Pocket-lint is supported by its readers. When you buy through links on our site, we may earn an affiliate commission. Learn more

(Pocket-lint) - We have to ask ourselves, how much do you think you need to spend on a notebook and still get a machine that manages to do what we need from it? Well, Acer would like us to think its £749 (inc. VAT) and they'd be right.

After all, the Aspire 1652 manages to deliver on a number of points. First off, you get a 15.4-inch screen that comes with a glossy coating, so even if you're watching some old black and white movie on DVD, you'll be able to see just how black and white it actually is. That said, this wasn't the brightest Super-TFT screen we've seen, as you'll need to turn it to full brightness to get the best image quality.

The chassis is finished in silver and black and has a rather robust finish to it. Considering it comes with a widescreen panel, its weight of 3kg isn't too excessive and you'll easily be able to carry this machine around with you.

Most manufacturers would expect you to live with integrated graphics at this price but not here. Sure, the ATI Mobility Radeon X300 is an entry-level PCI-Express card but it supports DirectX 9, as well as the latest OpenGL standards and manages to offer over twice the performance you'll find in an integrated solution. We had to play our sample games in reduced windows but you can't have everything.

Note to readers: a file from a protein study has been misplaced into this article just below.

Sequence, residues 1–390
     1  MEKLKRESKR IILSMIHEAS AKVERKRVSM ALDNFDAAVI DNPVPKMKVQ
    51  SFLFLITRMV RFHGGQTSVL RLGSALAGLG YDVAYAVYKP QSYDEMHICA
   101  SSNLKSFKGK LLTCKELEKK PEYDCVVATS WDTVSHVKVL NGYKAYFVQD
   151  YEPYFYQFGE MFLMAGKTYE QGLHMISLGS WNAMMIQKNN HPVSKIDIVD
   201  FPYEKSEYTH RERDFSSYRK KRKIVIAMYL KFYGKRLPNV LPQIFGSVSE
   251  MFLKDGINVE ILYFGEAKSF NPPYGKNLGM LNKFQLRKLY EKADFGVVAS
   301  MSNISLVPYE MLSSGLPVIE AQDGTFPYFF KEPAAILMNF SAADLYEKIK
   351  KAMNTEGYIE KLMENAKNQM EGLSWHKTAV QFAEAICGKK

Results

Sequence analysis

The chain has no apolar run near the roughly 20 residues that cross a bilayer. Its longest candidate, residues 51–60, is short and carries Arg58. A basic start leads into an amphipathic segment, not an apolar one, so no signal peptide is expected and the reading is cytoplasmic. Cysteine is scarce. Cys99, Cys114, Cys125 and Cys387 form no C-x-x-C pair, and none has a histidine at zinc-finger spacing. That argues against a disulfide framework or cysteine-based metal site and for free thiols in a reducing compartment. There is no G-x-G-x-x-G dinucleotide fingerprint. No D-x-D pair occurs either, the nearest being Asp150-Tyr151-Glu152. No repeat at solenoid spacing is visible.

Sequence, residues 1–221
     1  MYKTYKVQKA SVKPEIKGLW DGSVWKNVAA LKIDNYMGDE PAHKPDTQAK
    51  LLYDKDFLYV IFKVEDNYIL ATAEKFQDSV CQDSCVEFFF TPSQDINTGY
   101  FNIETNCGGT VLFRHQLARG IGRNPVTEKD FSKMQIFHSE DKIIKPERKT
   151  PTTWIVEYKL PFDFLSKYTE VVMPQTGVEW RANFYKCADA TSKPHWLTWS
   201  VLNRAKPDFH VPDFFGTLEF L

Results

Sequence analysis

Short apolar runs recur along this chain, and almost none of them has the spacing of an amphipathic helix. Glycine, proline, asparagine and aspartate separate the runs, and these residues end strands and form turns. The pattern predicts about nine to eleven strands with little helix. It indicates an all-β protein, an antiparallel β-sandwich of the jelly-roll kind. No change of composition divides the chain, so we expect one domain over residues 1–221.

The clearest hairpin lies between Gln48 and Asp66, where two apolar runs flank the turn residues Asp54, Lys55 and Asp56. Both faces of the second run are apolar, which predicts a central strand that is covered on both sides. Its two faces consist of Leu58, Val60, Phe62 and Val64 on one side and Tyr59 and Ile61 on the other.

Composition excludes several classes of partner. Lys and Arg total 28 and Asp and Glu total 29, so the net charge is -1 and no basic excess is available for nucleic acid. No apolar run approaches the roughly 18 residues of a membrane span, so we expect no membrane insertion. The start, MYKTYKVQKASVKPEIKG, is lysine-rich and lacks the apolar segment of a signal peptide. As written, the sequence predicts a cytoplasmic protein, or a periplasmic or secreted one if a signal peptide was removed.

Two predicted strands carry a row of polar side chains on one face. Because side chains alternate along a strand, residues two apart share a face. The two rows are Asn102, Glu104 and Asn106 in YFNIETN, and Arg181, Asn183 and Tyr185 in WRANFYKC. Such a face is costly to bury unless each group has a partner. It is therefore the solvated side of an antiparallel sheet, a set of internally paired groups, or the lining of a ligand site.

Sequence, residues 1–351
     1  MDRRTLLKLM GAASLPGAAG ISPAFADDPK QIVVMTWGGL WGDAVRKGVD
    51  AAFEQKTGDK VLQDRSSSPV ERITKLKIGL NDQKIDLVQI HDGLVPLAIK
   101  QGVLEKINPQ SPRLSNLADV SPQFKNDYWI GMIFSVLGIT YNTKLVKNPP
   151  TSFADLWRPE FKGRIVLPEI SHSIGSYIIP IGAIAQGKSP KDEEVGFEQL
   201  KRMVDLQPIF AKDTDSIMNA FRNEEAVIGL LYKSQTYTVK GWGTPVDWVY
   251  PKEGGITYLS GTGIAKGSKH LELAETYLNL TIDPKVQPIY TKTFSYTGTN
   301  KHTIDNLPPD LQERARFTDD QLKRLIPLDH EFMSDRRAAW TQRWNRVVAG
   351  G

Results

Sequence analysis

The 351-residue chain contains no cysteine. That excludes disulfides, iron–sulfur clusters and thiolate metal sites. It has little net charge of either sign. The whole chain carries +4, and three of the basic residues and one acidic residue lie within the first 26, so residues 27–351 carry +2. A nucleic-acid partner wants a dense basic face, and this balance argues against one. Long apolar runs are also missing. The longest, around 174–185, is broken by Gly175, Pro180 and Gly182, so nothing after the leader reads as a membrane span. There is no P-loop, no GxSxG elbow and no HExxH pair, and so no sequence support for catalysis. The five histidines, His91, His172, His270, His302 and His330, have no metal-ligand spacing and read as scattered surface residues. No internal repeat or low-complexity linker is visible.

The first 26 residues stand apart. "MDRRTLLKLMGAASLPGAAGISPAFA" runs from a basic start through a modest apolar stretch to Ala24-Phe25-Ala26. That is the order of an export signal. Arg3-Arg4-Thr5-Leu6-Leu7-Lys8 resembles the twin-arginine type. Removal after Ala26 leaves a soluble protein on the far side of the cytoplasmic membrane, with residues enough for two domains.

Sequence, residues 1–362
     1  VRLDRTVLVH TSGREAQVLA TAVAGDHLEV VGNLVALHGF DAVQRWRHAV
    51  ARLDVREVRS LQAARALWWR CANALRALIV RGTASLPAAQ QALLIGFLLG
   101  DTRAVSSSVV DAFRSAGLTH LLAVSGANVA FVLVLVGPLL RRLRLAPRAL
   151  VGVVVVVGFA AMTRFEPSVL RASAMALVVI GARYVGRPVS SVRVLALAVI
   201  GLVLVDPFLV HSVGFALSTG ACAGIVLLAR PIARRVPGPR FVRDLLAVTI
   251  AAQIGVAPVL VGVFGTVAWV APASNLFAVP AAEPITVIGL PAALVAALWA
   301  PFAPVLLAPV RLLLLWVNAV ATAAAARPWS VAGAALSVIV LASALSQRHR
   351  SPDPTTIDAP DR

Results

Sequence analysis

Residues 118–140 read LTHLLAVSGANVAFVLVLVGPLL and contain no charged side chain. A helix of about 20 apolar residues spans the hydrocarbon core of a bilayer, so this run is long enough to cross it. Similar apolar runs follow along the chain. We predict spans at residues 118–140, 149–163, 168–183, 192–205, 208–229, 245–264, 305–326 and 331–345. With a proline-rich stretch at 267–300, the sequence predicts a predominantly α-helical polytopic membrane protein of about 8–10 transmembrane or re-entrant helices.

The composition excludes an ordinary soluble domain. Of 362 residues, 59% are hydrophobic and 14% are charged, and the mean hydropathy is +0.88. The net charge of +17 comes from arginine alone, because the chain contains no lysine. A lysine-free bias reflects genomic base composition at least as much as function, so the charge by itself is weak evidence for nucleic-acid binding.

HP's superb flash sale has loads of deals to check out

When it comes to the core specification, you'll find the Intel Pentium M still holds sway. In our test model, it came with a 1.73GHz chip, which is decidedly mid-range but we didn't find any real problems in performance. You'll find 512MB of memory, the minimum you should expect these days, and a 60GB hard drive.

In use, this proved a well-rounded machine that handled tasks well. You won't want to run too many windows at once, as there is a marked lag when doing this but more memory would quickly sort this out. In terms of extras, you'll find a dual-layer DVD rewriter onboard, as well as 802.11g Wireless LAN and standard Ethernet. A particular strong point of the system is its usability. A broad and comfortable keyboard joins an equally usable touchpad/mouse button combination for flawless operation. Aiding mobile use further is a textured battery at the rear of the chassis, providing a strong grip in transit.


It may lack a little imagination and offer nothing new but at the asking price there really is little to fault with this machine. Sure, there are more powerful notebooks on the market but the Aspire is proof that if you shop around, you can find a genuine bargain or two.

Writing by Mike Browne. Originally published on 10 April 2006.